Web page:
PEMFs and psychiatric and neurological conditions
There is much press recently about the use of FDA approved, high intensity, prescription level, repetitive/rapid transcranial magnetic field (rTMS) stimulation for the treatment of psychiatric and neurological conditions. These devices certainly do have significant benefits in many of these conditions. At this point they require prescription by doctors and have limited coverage by insurance. A course of treatments is usually 10-20 sessions and costs upwards of $200 per treatment. At this time there are very few facilities or physicians that offer these treatments. One example of an FDA approved system is the NeuroStar. The cost to place a system into a doctor’s office is about $50,000, as last we heard. The question becomes can other PEMF therapies produce comparable or similar results to these high intensity PEMF devices? Other systems, comparable to the North Star, have been approved in other countries, including Canada.
It is necessary to say that other devices of lower intensity and different applicator configuration have not been compared head-to-head with these high intensity rTMS systems. There is evidence to suggest that even extremely tiny intensity magnetic fields [pico Tesla] have shown benefit in a wide range of neurological and psychiatric conditions. Research also shows that less powerful PEMFs can have significant effects on EEG brainwave patterns. Changes in EEG patterns definitely affect neurochemistry and therefore mood. Controlling the intensity of PEMFs (especially to achieve lower intensities) may be important for many people. In addition, rTMS rarely achieves frequencies higher than about 20 Hz. It is known that many inflammatory regenerative processes require higher frequencies. There can be significant side effects from the use of rTMS, even in well controlled settings. Therefore, lower intensity PEMFs may have a role and place in helping individuals with many conditions for which rTMS has been applied.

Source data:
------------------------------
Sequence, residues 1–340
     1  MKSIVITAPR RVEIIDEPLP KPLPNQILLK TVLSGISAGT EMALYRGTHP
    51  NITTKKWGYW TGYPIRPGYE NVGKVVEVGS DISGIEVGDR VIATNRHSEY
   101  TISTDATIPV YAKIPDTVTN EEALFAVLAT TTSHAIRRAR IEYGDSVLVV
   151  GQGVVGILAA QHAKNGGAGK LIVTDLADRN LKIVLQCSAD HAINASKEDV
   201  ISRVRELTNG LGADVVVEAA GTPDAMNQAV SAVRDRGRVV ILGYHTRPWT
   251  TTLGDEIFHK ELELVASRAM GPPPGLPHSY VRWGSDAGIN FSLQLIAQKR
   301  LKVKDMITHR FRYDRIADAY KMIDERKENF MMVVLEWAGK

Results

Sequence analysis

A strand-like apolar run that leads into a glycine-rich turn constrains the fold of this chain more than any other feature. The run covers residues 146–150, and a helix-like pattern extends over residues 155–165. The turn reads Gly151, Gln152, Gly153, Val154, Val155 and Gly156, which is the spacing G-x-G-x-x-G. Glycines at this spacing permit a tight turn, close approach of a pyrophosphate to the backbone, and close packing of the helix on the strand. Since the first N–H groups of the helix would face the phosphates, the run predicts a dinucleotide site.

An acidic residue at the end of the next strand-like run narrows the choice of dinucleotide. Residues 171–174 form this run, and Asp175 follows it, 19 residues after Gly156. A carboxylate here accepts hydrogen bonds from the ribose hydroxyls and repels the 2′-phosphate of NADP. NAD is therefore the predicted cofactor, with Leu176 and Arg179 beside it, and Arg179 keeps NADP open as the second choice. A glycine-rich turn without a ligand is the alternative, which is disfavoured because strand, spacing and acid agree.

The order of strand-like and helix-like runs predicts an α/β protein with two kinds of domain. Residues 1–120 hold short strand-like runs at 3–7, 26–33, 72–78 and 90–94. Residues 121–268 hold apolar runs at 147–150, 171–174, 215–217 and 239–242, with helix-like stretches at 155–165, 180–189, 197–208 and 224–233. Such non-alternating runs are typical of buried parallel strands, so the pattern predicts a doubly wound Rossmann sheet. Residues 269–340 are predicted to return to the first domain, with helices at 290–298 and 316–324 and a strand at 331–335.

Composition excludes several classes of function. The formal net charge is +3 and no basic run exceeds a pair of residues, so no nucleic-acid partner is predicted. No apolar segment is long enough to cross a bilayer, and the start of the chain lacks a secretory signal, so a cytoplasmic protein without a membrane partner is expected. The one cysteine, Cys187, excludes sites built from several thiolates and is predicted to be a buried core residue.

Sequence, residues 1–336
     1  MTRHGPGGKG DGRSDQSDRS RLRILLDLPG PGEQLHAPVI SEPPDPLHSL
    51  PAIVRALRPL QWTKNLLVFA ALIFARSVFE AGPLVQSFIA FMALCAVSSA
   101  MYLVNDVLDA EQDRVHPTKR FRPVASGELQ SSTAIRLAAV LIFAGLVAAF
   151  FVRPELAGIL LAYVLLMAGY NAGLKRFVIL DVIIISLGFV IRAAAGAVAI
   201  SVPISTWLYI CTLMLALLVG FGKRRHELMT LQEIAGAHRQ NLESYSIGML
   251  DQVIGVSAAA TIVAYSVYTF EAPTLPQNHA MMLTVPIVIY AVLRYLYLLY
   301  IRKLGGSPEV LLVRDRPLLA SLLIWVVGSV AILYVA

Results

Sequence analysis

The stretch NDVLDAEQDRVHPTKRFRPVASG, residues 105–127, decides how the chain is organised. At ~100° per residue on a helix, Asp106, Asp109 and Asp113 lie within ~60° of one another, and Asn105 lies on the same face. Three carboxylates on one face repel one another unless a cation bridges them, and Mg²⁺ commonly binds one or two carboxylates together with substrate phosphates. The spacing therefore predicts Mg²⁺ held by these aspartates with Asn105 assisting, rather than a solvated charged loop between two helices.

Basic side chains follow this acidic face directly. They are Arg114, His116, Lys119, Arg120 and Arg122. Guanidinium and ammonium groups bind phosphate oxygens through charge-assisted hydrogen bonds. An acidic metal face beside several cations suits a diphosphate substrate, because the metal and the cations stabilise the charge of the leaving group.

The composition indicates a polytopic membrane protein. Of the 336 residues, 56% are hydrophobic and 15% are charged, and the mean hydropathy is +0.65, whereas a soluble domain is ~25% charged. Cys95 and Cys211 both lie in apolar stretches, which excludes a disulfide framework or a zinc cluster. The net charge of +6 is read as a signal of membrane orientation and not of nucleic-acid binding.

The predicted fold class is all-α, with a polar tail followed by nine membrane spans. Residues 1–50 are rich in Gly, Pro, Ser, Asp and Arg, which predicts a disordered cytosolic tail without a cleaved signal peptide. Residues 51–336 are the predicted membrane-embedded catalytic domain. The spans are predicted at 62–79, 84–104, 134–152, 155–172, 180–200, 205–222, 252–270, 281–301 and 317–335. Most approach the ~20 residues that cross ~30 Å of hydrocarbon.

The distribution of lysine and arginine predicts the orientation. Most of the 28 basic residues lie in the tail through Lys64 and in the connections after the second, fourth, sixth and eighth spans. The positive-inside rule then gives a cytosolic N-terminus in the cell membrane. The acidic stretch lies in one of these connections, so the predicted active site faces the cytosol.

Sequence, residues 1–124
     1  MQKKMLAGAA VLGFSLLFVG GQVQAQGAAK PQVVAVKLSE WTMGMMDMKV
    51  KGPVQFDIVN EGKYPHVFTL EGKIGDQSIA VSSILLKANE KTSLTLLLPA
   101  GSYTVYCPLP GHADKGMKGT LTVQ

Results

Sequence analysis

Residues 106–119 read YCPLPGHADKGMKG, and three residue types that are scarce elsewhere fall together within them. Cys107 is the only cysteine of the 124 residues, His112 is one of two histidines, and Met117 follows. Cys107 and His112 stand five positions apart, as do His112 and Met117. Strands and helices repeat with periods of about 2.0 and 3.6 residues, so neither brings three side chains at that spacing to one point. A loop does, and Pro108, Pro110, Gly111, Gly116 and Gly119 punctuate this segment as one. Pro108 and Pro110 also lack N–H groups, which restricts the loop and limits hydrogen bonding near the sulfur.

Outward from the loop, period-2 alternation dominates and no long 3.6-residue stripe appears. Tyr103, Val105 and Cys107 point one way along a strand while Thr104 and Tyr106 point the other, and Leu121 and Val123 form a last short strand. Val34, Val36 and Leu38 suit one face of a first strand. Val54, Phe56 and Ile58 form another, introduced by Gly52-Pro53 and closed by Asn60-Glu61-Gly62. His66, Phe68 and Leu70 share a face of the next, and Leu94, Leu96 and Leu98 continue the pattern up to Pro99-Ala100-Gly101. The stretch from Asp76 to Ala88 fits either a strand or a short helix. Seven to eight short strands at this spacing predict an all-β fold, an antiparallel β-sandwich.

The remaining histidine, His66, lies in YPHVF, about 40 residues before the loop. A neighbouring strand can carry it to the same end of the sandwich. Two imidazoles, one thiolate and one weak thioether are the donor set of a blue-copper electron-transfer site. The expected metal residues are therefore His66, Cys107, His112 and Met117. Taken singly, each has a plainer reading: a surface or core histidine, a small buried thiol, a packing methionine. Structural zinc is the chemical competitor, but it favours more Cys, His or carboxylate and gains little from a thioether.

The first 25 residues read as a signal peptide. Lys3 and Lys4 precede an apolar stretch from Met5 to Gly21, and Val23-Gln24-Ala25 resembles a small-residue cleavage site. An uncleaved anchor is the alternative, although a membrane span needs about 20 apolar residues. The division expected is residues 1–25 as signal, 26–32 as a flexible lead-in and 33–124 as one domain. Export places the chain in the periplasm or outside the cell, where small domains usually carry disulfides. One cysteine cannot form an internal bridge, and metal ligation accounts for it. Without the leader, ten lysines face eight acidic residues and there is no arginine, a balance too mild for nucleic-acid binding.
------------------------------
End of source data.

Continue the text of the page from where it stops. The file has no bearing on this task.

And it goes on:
In my book on magnetic therapy, Magnetic therapy in Eastern Europe: a review of 30 years of research, and a recent review of research since 1992, I summarize the results of various PEMF devices using a range of frequencies and intensities. They have been found to help some of the following conditions: stroke, neuro infections, RSD [reflex sympathetic dystrophy], migraine, muscle sclerosis, spinal degenerative conditions, radiculitis, inguinal nerve injuries, peripheral nerve injuries, Ménière’s, and spinal cord injuries, among others.
Research is even being conducted at the Department of Psychiatry, Harvard Medical School and McLean Hospital, using low intensity PEMFs. Mood improvement was reported by 23 of 30 bipolar disorder subjects who received the PEMF treatment and by four of 14 healthy comparison subjects. Significant differences in mood improvement were found between the bipolar disorder subjects who received actual PEMF stimulation and those who received sham stimulation. The electric fields generated by this low intensity PEMF were smaller (0.7 V/m) than fields used in repetitive transcranial magnetic stimulation (rTMS) treatment of depression (1-500 V/m) and also extended uniformly throughout the head, unlike the highly nonuniform fields used in rTMS. At this point research is ongoing with this system.
Many of the devices listed in our product reviews probably also have significant benefits for mood disorders and other neurological conditions and could possibly help those with psychiatric and neurological conditions.